Thursday, May 12, 2011

Diane Arbus, ‘King and Queen of the Senior Citizen Dance’ (1970)

This photograph features two senior citizens after they were crowned king and queen of a dance in New York city. The man and woman did not know each other, and their facial expressions evoke a sense of discomfort and unhappiness.

Diane Arbus struggled with depression throughout her life, and committed suicide in 1971. Her personal struggles are carried over into her photographs, which often show people at their most vulnerable. It has also been suggested that she had a fascination with outsiders and figures that struggled to fit in with society’s mainstream ideals. Blogger user ‘anythingofinterest’ comments that “[a]ll her photos have a sort of disturbing/unsettling quality to them. She had an uncanny knack for managing to capture people just as they allowed their masks to slip for a moment.” (1)

This comment raises questions, however, about how any photograph should be viewed. The famous phrase, “the camera never lies”, is itself a falsehood. The moment that light is exposed to a film a singular moment in time is captured. Viewed out of context, any photograph can be misread, therefore producing a variety of meanings which may be far from the photographer’s intentions. For example, the man and woman may have been smiling moments earlier. Rather than “allowing their masks to slip”, Arbus may have waited until the man and woman’s facial expressions changed in order to create a far more provocative image.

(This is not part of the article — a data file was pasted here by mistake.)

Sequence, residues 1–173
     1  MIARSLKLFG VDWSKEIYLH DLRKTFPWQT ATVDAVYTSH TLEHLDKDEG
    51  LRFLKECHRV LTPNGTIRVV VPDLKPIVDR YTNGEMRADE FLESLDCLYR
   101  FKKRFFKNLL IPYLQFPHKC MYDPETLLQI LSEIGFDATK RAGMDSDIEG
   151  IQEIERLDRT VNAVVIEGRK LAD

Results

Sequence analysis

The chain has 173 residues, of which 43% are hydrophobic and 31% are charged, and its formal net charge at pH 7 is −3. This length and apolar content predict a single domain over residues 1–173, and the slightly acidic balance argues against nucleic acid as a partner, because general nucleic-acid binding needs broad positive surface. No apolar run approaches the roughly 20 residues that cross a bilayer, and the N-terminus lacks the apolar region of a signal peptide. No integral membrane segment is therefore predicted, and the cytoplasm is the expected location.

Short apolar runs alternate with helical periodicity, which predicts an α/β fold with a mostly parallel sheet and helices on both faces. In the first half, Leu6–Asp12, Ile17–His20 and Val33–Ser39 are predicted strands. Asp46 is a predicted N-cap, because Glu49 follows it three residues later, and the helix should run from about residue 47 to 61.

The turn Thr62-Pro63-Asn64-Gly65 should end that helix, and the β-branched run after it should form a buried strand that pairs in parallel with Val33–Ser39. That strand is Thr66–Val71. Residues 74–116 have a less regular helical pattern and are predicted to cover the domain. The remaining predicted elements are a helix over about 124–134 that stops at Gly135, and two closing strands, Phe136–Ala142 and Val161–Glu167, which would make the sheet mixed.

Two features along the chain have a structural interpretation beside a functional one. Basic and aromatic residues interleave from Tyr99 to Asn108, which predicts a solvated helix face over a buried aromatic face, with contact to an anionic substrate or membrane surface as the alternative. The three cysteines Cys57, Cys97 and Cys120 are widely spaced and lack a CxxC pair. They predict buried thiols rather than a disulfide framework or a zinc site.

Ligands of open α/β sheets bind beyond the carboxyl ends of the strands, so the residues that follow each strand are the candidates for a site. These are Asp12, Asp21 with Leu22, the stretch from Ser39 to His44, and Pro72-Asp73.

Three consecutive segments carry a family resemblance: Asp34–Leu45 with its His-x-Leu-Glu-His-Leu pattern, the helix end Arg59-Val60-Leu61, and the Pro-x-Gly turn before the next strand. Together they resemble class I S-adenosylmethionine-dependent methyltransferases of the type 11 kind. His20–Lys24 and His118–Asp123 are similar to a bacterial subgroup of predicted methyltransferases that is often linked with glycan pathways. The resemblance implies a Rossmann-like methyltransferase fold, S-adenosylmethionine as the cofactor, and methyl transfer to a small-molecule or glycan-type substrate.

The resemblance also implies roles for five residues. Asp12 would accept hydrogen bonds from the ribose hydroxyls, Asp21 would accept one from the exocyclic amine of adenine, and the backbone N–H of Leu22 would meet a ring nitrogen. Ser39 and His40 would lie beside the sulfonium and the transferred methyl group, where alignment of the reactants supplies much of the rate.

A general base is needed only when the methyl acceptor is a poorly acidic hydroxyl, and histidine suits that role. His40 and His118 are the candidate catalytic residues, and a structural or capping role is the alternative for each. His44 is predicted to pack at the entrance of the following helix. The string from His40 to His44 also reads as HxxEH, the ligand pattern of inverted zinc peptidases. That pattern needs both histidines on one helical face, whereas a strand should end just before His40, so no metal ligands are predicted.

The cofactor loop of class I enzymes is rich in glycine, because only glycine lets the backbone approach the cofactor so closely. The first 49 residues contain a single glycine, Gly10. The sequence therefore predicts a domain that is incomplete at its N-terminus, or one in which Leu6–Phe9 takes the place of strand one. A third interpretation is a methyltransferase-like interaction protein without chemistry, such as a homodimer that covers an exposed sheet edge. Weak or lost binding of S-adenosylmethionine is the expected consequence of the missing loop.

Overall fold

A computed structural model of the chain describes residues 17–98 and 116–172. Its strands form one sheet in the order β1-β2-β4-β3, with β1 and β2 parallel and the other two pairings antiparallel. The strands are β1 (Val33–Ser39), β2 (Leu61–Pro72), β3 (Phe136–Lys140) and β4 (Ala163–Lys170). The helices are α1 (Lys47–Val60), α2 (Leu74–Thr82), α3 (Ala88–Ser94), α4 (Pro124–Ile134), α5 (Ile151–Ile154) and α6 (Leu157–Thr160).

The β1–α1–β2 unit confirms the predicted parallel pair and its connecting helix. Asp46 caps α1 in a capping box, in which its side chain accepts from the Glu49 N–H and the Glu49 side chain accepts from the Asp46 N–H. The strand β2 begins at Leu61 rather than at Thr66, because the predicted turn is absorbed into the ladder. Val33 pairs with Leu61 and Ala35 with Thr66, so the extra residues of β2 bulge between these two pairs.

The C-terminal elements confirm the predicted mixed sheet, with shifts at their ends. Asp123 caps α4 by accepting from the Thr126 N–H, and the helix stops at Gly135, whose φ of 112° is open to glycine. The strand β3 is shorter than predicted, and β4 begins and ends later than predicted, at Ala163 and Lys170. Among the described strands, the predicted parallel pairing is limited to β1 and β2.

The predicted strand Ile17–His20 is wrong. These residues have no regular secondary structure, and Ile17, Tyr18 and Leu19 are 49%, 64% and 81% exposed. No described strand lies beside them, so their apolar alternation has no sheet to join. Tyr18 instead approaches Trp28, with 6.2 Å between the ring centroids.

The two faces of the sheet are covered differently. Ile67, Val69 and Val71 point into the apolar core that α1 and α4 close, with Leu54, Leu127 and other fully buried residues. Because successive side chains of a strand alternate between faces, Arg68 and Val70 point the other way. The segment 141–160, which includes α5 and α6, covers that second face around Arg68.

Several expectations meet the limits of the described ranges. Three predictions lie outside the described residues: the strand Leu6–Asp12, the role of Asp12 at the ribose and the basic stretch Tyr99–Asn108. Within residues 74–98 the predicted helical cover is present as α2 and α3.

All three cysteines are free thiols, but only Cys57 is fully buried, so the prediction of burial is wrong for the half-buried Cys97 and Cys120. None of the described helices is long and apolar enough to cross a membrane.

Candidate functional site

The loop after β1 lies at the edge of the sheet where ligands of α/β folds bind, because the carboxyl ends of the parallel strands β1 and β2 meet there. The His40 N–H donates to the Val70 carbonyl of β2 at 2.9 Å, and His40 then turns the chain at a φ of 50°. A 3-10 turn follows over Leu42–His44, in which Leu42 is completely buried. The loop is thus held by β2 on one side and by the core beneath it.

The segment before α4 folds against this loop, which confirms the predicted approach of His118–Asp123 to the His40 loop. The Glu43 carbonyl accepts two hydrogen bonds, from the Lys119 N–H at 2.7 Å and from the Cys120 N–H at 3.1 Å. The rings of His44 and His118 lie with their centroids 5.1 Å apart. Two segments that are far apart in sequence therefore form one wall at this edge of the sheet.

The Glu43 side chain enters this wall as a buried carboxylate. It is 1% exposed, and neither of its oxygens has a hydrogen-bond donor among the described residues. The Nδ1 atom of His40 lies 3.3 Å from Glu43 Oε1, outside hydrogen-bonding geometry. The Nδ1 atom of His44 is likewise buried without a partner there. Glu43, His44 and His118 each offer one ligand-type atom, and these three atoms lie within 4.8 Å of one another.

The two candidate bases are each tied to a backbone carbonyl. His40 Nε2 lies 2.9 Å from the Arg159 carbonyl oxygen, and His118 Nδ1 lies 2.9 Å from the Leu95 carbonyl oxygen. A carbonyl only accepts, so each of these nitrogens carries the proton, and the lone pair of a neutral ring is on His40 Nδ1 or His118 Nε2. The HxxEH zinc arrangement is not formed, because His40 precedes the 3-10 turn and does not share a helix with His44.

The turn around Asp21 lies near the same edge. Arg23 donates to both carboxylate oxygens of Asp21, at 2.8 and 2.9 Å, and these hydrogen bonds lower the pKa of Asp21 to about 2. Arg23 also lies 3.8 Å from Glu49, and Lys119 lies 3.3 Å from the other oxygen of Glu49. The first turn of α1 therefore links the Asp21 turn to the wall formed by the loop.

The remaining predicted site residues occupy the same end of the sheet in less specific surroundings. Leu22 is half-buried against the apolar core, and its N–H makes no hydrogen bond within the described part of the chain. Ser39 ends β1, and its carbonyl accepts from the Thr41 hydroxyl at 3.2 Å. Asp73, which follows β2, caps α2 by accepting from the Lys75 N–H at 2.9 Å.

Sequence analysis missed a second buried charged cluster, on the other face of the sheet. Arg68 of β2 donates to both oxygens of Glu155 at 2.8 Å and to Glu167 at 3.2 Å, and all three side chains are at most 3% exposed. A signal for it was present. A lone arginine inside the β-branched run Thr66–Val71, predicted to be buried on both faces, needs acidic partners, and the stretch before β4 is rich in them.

In spite of this, the photograph should still be read and analysed in the context in which it has been presented to us. ‘King and Queen of the Senior Citizen Dance’ features a man and woman who appear unhappy with their circumstances. There is a stiffness to their poses which suggests discomfort and the space between them emphasises the awkward situation. Most interesting of all, however, is the age of the man and woman, and how their clothing does not fit in with the era in which the photograph was taken. In particular, the woman’s glasses and shoes are reminiscent of the fashion of the 1950s. The man, similarly, could easily be dressed for two decades earlier. The photograph could therefore be a critique of the representation of senior citizens in America. Chosen as king and queen of their dance, and then dressed in regalia, the photograph imitates the traditional ‘prom king and queen’ found at American high school dances. They were not voted in, however, but rather had their names selected at random. The attempt at an imitation of their youth, and the evident unhappiness it has caused, suggests that there is no room for the older generation in 1970s society. While the woman still dresses as she did twenty years ago, American society is advancing and senior citizens are being left behind.

Finally, a museum guard, who Jesse Kornbluth discussed Arbus’ work with, had the following to say about the photography:

“[A]s I spent more time with the pictures, I saw what she was getting at. I got that these people were beautiful. That Arbus loved them. That she in no way exploited them. These pictures celebrate the freak in all of us." (2)

The rather cynical reading of the photograph I have made may then be ignoring an important element of Arbus’ photographs. Her troubled life is evident, and is reflected in the despondent expressions on the senior citizens’ faces. Her emphasis on the unusual and the outsider could also be read as a cynical representation of the ‘true American’, one who is unaccepted within society because they do not conform to the American ideal. However, as the guard’s comments suggest, her photography also reminds us all that no one is ‘normal’, and that these irregularities and eccentricities should be celebrated, not shunned.

(1), 1st April 2005


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